My favorite episode is the one with time traveling ice cream, dinosaurs, diamonds, and, of course, adventuring ducks…
I love TV, and I’ve watched a lot of it, so it’s hard to pick my favorite episode of any given series, let alone all of them. Most people would expect me to pick something from The Twilight Zone or DuckTales, and I won’t disappoint. However, I am going to cheat a little – I’m picking one of the DuckTales TV movies, “Time is Money.”
I still remember when this aired on my local Fox affiliate in a two-hour block, making one of my favorite cartoons somehow more epic and exciting because it was telling a longer story. Since a young age, I’ve always loved the rare multipart episodes of TV shows, the anticipation and frustration of reaching the end of the show only to be greeted with “To be continued…” These perhaps prefigured today’s ubiquitous season long story arcs, which have done away with that teasing line because every episode is continued.
The first show I really recall doing this is Thundercats, which aired Lion-O’s anointment trials in five amazing episodes, and subsequently had several stories premiere as TV movies that were later broken up into 25-minute episodes.
DuckTales did the same with its pilot episode, a movie called “Treasure of the Golden Suns,” which I do love; however, I didn’t see the original full-length version of it until I was well into adulthood. As a kid, it was simply a (great!) five-part episode. So “Time is Money” was the first time I saw a DuckTales story in its longer format and could compare it to the episodic versions (which oddly added scenes that were not in the first broadcast).
The short short version: Uncle Scrooge uses a time machine called the Millenium Shortcut, which runs on a special popsicle made from a substance called bombastium, in order to travel back in time and claim first ownership of a valuable diamond mine. A cave duck and his pet triceratops, named Bubba and Tootsie, respectively, accidentally stowaway to the future. Hijinks ensue, and after nearly losing his fortune and his sanity, Scrooge ends up adopting Bubba. Oh, and Scrooge manages to keep all the diamonds too.
To be honest, I don’t even like Bubba Duck beyond this episode much, but I’m a sucker for time travel adventures, and this one is funny and creative. If you dig deeper, the episode also gets kind of heavy. At one point, Launchpad McQuack, Scrooge’s bumbling pilot, is stranded in ancient Rome for years before he can return to his friends—but hey, that’s played for laughs. Scrooge, or “Skooge,” as Bubba calls him, also learns to take responsibility for his actions that plucked the little cave duck from his own time—instead of blaming the kid for all his problems. He’s come a long way from grudgingly taking guardianship over his grandnephews Huey, Duey, and Louie!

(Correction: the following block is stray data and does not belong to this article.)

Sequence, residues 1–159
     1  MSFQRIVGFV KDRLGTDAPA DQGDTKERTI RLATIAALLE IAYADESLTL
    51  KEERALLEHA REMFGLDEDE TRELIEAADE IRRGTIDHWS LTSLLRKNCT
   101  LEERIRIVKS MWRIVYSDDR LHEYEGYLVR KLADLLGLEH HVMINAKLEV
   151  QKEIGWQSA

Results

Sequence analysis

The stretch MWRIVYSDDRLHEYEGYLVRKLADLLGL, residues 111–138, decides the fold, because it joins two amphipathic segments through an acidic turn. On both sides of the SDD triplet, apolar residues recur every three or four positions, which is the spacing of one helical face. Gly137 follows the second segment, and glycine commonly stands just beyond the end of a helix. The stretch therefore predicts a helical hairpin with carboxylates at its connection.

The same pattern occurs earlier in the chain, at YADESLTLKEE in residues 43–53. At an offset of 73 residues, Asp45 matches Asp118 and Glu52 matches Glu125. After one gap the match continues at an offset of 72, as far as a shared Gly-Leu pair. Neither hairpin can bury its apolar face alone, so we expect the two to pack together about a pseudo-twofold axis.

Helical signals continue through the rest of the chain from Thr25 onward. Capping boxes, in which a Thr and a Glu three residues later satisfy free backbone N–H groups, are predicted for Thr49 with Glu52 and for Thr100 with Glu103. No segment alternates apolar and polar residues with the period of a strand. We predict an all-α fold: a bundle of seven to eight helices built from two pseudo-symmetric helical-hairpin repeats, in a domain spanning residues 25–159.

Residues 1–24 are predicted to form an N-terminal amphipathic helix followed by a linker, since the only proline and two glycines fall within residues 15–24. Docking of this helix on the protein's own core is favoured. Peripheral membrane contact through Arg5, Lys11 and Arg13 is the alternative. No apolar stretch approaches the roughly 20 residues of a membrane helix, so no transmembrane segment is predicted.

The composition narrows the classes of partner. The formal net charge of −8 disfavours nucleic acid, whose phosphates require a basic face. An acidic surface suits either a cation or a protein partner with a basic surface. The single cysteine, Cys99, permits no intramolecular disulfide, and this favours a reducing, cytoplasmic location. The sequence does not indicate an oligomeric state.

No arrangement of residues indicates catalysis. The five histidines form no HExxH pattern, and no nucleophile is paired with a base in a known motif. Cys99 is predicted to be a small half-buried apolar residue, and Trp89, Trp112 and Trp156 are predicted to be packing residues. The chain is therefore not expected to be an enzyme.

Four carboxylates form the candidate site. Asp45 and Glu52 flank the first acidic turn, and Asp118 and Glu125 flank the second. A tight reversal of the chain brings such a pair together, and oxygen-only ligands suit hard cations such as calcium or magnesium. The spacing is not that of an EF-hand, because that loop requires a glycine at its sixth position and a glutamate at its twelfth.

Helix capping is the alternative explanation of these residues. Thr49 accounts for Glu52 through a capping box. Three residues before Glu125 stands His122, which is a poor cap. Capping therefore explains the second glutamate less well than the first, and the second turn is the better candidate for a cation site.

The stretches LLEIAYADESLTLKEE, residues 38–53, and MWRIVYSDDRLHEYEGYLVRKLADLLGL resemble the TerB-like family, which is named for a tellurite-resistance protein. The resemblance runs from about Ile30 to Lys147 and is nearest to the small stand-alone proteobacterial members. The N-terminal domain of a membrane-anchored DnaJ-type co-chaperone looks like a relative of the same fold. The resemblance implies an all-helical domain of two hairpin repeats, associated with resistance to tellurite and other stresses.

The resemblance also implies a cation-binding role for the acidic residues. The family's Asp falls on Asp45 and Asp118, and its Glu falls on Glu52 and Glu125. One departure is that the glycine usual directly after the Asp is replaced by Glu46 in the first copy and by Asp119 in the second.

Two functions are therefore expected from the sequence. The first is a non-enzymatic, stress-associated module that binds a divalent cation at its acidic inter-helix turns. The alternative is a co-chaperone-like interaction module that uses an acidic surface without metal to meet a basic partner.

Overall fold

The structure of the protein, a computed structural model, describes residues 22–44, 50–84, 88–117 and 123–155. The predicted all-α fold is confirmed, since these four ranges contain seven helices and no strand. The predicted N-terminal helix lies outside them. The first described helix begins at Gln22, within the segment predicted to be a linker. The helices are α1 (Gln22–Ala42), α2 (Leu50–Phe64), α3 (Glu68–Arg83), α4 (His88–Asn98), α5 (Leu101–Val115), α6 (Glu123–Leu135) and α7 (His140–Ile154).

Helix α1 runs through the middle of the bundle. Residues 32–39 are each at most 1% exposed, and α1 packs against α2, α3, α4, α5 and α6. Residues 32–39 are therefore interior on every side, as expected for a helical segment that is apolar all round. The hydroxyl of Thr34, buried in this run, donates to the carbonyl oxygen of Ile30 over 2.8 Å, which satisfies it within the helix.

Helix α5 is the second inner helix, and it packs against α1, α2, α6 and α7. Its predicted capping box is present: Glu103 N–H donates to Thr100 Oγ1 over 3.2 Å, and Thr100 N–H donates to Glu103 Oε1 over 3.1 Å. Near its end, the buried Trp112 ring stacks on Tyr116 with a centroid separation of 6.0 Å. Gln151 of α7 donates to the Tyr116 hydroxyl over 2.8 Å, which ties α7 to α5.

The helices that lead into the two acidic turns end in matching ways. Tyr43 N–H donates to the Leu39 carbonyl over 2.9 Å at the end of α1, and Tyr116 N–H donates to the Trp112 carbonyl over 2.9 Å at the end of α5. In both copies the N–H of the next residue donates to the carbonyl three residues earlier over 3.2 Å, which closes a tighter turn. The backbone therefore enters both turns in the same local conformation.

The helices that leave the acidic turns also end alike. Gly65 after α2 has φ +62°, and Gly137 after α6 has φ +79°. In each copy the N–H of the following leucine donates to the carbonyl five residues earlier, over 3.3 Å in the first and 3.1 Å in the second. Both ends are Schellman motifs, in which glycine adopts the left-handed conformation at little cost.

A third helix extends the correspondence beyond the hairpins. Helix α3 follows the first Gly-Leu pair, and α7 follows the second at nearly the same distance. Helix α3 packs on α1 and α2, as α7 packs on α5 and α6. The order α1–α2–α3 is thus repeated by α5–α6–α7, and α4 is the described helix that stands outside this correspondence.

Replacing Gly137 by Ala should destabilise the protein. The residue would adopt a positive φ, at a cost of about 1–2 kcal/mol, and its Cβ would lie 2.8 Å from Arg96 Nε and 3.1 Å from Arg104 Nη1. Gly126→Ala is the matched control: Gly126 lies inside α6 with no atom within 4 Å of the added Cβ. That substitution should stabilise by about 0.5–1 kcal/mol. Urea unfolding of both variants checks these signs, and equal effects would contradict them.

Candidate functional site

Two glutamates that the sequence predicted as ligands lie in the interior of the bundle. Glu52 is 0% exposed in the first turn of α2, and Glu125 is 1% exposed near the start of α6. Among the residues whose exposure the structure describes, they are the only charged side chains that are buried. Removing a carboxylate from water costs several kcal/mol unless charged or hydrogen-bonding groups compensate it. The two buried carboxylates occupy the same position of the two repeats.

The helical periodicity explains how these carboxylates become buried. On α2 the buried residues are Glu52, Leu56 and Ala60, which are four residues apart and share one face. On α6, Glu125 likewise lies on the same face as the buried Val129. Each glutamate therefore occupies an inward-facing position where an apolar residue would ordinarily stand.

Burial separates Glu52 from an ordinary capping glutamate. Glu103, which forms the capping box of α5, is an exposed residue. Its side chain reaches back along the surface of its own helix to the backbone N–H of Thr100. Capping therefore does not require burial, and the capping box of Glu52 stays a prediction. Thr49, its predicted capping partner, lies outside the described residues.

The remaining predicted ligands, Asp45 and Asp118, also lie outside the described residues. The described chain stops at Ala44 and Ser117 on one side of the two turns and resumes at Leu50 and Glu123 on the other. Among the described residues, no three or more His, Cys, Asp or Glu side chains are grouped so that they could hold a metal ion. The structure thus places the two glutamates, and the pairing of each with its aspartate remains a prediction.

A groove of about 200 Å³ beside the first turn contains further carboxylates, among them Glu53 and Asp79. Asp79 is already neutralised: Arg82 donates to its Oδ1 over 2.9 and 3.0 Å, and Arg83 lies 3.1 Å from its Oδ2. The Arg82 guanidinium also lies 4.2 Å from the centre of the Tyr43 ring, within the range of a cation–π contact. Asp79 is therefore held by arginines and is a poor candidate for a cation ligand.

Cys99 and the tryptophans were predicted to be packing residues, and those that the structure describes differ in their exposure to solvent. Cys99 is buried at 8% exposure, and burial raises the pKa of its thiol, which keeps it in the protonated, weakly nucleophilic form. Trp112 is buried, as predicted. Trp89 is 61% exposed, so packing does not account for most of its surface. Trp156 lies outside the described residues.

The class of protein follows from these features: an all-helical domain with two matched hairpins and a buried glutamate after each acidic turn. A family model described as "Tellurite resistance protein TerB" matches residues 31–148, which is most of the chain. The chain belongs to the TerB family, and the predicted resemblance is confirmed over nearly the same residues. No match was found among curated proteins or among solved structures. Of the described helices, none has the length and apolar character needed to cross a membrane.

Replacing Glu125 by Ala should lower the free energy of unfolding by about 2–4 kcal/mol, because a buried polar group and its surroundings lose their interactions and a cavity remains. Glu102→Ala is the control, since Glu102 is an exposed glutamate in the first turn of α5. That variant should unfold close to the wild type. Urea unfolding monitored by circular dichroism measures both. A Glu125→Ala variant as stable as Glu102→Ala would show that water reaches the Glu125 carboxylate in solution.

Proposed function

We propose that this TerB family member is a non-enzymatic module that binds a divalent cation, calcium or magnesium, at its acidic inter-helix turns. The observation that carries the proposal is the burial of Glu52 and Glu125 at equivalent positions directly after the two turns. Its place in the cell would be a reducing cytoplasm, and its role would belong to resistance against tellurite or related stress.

As much as it pains me to admit, “Time is Money” is far and away a better DuckTales movie than the actual theatrical feature, Treasure of the Lost Lamp. In fact, so is “Treasure of the Golden Suns” and the third serialized story, “Super DuckTales” which introduced the Iron Man-esque hero Gizmoduck. Perhaps the limits of the television format, with commercial breaks and the need for the movie to be divided into shorter segments, fostered more creativity rather than restricting it—or DuckTales is simply better suited to the smaller screen. This episode works just as well when it’s serialized in five parts, each with their own fabulously punny titles: “Marking Time,” “The Duck Who Would Be King,” “Bubba Trubba,” “Ducks on the Lam,” and “Ali Bubba’s Cave.”
So it seems that even way back as a child of the Eighties, I had an affinity for serialized fiction like ReMade: episodes linked together to make a whole story that’s greater than the sum of its parts. I blogged a bit more about “Time is Money,” and specifically the Millenium Shortcut, here. You can watch it (in five parts) yourself on DVD in DuckTales volume 3 or buy the episodes for the streaming platform you like best.